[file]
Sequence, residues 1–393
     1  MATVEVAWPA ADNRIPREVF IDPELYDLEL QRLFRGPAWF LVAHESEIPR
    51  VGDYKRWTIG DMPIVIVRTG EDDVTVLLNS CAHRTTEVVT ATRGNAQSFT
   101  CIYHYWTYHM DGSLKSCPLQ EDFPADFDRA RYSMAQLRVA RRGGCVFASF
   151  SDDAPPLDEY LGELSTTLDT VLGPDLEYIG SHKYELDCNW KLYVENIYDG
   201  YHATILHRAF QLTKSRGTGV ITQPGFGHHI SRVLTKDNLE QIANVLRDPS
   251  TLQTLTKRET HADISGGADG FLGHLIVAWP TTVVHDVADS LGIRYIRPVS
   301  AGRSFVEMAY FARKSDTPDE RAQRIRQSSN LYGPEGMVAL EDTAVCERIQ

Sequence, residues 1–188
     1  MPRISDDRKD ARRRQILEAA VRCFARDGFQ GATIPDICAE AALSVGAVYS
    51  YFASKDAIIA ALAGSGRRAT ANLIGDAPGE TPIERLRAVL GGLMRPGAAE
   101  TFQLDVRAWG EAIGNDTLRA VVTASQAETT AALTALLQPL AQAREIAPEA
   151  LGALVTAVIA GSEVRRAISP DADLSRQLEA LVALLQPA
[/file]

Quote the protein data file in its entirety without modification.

Sequence, residues 1–393
     1  MATVEVAWPA ADNRIPREVF IDPELYDLEL QRLFRGPAWF LVAHESEIPR
    51  VGDYKRWTIG DMPIVIVRTG EDDVTVLLNS CAHRTTEVVT ATRGNAQSFT
   101  CIYHYWTYHM DGSLKSCPLQ EDFPADFDRA RYSMAQLRVA RRGGCVFASF
   151  SDDAPPLDEY LGELSTTLDT VLGPDLEYIG SHKYELDCNW KLYVENIYDG
   201  YHATILHRAF QLTKSRGTGV ITQPGFGHHI SRVLTKDNLE QIANVLRDPS
   251  TLQTLTKRET HADISGGADG FLGHLIVAWP TTVVHDVADS LGIRYIRPVS
   301  AGRSFVEMAY FARKSDTPDE RAQRIRQSSN LYGPEGMVAL EDTAVCERIQ

Sequence, residues 1–188
     1  MPRISDDRKD ARRRQILEAA VRCFARDGFQ GATIPDICAE AALSVGAVYS
    51  YFASKDAIIA ALAGSGRRAT ANLIGDAPGE TPIERLRAVL GGLMRPGAAE
   101  TFQLDVRAWG EAIGNDTLRA VVTASQAETT AALTALLQPL AQAREIAPEA
   151  LGALVTAVIA GSEVRRAISP DADLSRQLEA LVALLQPA